Along the Road
Policy and Legislation
Along the Road is the place to look for information about current and upcoming activities, developments, trends, and items of general interest to the highway community. This information comes from U.S. Department of Transportation (DOT) sources unless otherwise indicated. Your suggestions and input are welcome. Let's meet along the road.
Houston Could Be Headed for FIP
A coalition of environmental advocacy groups petitioned a federal judge last week to order the U.S. Environmental Protection Agency (EPA) to honor an earlier settlement requiring it to produce a Federal Implementation Plan (FIP) for reducing ozone in the Houston-Galveston area in Texas.
Three advocacy organizations - Environmental Defense, the Natural Resources Defense Council (NRDC), and the Sierra Club - filed the motion in the U.S. District Court for the District of Columbia. These same three groups reached an agreement last year with the EPA that required the agency to issue a plan by Oct. 15 detailing how the Houston-Galveston area would meet its deadline for clean air compliance. The agency had the choice of approving a State Implementation Plan (SIP) submitted by Texas officials or of developing a plan of its own through an FIP.
EPA did approve a Texas SIP in October, but that plan apparently leaves the area short of its emissions-reduction requirements. According to an NRDC official, the attainment SIP is 56 tons per day short of the necessary pollution reductions. The motion maintains that EPA is still obligated to produce an FIP.
The region surrounding the Texas cities is plagued with one of the more acute ground-level ozone problems in the country. Last year, Houston had the highest monitored level for ozone and exceeded the national standard more than any other area, including Los Angeles.
Bay Area Ordered To Hit TCM Target
On Nov. 13, a U.S. District Court judge ordered the San Francisco Bay Area's Metropolitan Transportation Commission (MTC) and the region's six major transit providers to increase ridership on the full system by 15 percent over 1983 levels. The court found that MTC failed to comply with a transportation control measure (TCM) included in the State Implementation Plan (SIP). Because the TCM included a targeted increase in ridership of 15 percent, placement in the SIP rendered it enforceable by law.
The California ruling resulted from litigation filed against MTC and affiliated transit operators in February 2001 by a number of community action and environmental advocacy groups. Some operators already have settled, embarking on draft plans to drive up ridership. Known as TCM 2, the measure was the centerpiece of a commitment developed by MTC in 1982 to counter growing ozone pollution. While population has increased 30 percent in the region since that time, group officials point to an almost steady number of transit patrons.
Maryland Loses Air Law Authority
Failing to bolster some of its air pollution rules and regulations, Maryland has become the first state in the nation to lose its authority to enforce at least some federal clean air laws. The state stands to lose more than $4 million in federal funds provided to administer the clean air program.
The Clean Air Act required states to adopt adequate permit programs by 1993, but the U.S. Environmental Protection Agency (EPA) found that many states failed to reach this milestone. The agency noted a host of permit-related problems, including illegal waivers and exemptions, inadequate requirements for emissions limits, and noncompliance penalties lacking much muscle.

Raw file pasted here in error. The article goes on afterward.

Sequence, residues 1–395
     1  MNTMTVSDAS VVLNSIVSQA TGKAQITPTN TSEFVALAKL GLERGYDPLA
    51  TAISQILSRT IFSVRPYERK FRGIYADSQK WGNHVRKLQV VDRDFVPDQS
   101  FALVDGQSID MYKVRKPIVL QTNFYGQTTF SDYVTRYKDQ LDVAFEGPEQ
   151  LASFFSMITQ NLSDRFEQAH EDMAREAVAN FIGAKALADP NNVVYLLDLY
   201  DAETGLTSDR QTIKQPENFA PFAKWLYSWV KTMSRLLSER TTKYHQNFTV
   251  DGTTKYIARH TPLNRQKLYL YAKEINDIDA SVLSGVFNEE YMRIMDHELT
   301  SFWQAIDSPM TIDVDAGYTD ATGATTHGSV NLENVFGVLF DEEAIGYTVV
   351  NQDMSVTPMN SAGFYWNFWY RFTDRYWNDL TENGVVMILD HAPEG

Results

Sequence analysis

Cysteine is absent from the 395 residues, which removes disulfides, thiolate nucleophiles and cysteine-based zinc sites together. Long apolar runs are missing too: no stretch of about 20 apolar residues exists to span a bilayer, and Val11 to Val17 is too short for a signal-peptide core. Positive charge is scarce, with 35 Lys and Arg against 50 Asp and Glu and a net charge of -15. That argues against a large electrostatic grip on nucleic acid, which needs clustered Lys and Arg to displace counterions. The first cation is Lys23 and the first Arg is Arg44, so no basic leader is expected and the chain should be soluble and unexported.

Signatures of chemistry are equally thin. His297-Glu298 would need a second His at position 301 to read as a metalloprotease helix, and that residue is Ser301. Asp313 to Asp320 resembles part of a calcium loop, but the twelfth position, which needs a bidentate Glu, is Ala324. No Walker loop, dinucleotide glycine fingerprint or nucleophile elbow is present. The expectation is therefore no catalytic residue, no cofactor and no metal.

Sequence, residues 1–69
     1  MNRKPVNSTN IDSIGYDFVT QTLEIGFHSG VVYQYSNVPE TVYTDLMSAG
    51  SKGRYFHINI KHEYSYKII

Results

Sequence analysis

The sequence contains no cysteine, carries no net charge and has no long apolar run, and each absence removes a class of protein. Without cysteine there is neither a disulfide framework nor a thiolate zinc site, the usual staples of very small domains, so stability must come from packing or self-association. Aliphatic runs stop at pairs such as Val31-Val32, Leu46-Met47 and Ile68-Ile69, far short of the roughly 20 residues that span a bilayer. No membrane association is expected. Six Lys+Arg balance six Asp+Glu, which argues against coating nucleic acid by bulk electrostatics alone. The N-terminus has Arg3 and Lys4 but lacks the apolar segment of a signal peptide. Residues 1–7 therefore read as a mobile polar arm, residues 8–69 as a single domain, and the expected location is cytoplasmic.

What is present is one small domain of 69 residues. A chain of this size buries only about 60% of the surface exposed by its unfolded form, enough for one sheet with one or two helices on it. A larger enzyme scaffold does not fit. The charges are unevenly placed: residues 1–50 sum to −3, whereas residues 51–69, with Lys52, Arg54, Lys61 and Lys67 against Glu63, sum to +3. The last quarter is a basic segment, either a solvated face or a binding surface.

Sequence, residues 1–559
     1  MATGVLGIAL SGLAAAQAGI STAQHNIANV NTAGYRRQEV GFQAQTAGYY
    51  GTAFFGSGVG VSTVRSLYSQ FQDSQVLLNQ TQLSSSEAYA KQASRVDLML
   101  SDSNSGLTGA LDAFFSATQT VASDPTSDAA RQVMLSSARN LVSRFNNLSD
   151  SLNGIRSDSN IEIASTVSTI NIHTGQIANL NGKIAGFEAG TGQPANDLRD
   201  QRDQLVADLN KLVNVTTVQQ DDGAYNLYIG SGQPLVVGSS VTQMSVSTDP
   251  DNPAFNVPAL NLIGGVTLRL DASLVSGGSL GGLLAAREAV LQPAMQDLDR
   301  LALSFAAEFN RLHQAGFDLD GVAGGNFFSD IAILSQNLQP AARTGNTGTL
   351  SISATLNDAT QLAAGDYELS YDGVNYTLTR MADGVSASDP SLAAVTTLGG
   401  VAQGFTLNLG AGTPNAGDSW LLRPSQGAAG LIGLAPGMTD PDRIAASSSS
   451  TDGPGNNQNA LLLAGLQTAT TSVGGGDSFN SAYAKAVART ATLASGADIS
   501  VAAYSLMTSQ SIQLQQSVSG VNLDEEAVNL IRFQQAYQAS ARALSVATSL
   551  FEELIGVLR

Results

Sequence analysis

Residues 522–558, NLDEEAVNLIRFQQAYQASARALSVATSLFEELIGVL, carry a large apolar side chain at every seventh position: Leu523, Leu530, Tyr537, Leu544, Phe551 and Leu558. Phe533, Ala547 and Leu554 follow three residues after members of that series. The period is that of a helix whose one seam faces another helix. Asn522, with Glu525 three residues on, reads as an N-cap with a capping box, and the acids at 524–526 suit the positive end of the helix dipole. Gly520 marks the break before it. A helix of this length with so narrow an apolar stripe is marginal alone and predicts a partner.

EPA elected to give states a number of time extensions to correct the permit deficiencies. However, many of the states did not strengthen their programs and several environmental advocacy groups filed suit against EPA last year.
Settlement between the groups and EPA provided another extension for the states with Dec. 1, 2001, becoming the latest deadline for compliance. Part of the court-approved settlement paved the way for corrective actions should the states again fail to comply. One of these actions was an EPA takeover of state programs that were left uncorrected. A number of states upgraded permit processes and programs, but Maryland did not.
Bus Security Legislation Introduced in U.S. House
Legislation designed to dramatically improve security in bus transportation was introduced last month in the U.S. House of Representatives. The legislation, entitled the "Over-the-Road Bus Security and Safety Act of 2001," was introduced by a number of congressmen seeking to strengthen security on our nation's buses.
The new legislation would establish a $200 million fund that would allow the secretary of transportation to make grants to private operators for system-wide security improvements to their operations. The bill also establishes a 25-cent per passenger surcharge for security programs; the surcharge will be applied in future years to tickets costing more than $5. The proceeds of this surcharge - approximately $50 million to $100 million per year - will be remitted to the secretary of transportation and held in a fund for security grants in future years.
This combination of federal funds and passenger fees create an equitable system to benefit the riders. Since Sept. 11, Greyhound Bus Lines, the nation's largest fixed-route intercity carrier, has experienced at least four serious driver assaults. One incident resulted in the deaths of seven passengers, and 33 passengers were injured in another incident. There have been at least three other security breaches. An analysis of worldwide terrorism indicates that 49 percent of international terrorist attacks have involved buses. The latest statistics from the American Bus Association indicate that the over-the-road bus industry - comprised of private bus and tour and travel operators - transports 774 million passengers annually. The industry's 800 bus operators and almost 200 tour operators, using 40,000 motor coaches, transport more passengers - $650 million - more passengers than the airlines or Amtrak. In addition, Greyhound and its interline partners take these passengers to some 4,000 destinations - more than seven times the number served by air or Amtrak.
Management and Administration